Dangerous Crossing

"Sandwiched between two policemen, the woman descends the gangplank of the ship." It's September 4, 1939--war has just been declared--and the boat is the Orontes. The British ship has docked in Sydney after five weeks at sea, which produced two corpses. From here, Dangerous Crossing rewinds to the day when Lily Shepherd, a young working-class Englishwoman from whose point of view the novel is told, boards the ship in Essex. Lily's intent, like that of other young British women on board, is to work as a maid in Australia, although she dares to dream of more than a life in service.

On the boat, the glittery Eliza and Max Campbell seek out her company. Why, Lily wonders, is this first-class couple fraternizing with her and the others in tourist class, including Edward Fletcher, whose hot-and-cold attitude toward her is puzzling? Also perplexing: when her new friend Maria Katz, an Austrian Jew, says that she's been assaulted on board, the ship's personnel don't believe her.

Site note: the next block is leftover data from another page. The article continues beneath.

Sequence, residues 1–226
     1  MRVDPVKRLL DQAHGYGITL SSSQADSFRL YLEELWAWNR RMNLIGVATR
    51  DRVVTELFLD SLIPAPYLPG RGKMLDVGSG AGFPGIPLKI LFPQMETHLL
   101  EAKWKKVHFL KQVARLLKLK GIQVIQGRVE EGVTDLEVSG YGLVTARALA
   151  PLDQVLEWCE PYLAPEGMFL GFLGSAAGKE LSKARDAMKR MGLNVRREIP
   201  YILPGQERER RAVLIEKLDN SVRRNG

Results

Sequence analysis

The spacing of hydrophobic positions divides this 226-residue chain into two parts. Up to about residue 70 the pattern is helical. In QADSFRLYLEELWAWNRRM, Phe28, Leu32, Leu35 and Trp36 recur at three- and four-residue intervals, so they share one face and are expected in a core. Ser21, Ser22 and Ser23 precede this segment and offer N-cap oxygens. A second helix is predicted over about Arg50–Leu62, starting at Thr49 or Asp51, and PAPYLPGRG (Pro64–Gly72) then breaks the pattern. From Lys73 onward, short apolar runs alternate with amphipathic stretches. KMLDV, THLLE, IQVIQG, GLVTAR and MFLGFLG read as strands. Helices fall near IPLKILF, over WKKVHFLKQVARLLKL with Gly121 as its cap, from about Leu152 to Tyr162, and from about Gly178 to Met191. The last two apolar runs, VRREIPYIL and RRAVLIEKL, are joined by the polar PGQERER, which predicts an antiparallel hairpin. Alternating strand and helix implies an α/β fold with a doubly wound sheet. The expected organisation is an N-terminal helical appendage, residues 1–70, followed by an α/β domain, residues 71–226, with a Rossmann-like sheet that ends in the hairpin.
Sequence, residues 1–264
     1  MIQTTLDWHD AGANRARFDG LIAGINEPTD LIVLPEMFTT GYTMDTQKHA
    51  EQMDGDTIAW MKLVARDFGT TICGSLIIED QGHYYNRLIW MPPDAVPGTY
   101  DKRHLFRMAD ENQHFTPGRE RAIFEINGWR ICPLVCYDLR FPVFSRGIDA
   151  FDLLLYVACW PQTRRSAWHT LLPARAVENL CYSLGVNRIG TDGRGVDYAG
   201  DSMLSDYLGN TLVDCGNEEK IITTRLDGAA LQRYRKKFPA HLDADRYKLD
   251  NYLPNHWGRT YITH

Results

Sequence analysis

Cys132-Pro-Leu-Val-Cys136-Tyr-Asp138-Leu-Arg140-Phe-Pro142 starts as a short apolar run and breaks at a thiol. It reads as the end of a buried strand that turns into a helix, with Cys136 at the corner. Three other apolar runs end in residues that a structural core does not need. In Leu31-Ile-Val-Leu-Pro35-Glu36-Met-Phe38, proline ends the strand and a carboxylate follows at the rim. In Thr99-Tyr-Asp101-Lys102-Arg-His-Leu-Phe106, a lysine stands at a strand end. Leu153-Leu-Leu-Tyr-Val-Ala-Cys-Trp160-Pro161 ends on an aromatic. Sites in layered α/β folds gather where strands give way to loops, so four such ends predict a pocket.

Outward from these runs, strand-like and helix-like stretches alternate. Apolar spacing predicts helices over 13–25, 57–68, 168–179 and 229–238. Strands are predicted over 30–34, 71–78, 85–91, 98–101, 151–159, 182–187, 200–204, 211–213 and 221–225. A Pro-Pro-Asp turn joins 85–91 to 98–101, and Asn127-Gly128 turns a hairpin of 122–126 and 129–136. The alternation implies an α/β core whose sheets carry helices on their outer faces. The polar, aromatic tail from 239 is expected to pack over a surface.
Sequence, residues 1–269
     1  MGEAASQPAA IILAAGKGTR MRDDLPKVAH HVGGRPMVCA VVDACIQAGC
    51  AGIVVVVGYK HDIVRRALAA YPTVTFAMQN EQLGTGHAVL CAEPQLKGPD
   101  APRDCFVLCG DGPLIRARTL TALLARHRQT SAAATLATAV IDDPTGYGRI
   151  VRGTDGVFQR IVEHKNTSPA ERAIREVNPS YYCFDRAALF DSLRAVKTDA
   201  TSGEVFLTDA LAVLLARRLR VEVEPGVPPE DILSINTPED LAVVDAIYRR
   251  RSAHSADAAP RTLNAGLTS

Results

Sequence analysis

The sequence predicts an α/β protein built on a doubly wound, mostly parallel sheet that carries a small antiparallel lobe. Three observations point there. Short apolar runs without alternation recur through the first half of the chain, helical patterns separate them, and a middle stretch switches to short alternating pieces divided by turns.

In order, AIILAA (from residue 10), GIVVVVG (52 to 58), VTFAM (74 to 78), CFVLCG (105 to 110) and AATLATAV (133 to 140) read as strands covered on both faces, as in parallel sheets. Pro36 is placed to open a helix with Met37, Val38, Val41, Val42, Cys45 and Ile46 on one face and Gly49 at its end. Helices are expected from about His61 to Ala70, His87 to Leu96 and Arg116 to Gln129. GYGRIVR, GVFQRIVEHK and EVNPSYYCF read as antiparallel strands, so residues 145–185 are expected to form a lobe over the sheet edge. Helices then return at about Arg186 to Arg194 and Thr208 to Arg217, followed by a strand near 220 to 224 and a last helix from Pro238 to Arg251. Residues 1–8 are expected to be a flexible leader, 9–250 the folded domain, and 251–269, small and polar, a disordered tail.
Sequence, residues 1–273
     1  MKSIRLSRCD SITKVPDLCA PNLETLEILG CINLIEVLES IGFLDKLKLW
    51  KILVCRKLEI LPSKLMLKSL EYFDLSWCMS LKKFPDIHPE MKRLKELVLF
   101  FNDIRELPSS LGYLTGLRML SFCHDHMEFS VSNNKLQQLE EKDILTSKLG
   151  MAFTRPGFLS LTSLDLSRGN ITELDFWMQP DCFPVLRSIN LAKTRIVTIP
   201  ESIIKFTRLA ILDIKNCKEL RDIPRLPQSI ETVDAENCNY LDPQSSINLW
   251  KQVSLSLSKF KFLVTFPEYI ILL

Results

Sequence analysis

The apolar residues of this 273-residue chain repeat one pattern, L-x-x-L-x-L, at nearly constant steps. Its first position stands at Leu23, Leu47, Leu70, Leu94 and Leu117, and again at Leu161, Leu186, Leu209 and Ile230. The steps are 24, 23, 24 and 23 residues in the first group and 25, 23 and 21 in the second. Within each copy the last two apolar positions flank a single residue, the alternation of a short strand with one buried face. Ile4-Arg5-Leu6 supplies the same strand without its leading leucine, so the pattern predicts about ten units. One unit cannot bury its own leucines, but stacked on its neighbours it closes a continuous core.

Dangerous Crossing has the trappings of an Agatha Christie mystery--somewhat heightened characterizations, preoccupation with social class, scrupulous attention to wardrobe--but Rachel Rhys (the pen name of the English suspense novelist Tammy Cohen) is especially beholden to Death on the Nile, with which this book shares its era, shipboard setting and breathtaking scenery. Christie would have steered clear of Dangerous Crossing's sexual content, but she would nonetheless have found this sumptuous, rewarding (and hopefully Masterpiece-bound) historical crime novel deadly. --Nell Beram, freelance writer and author

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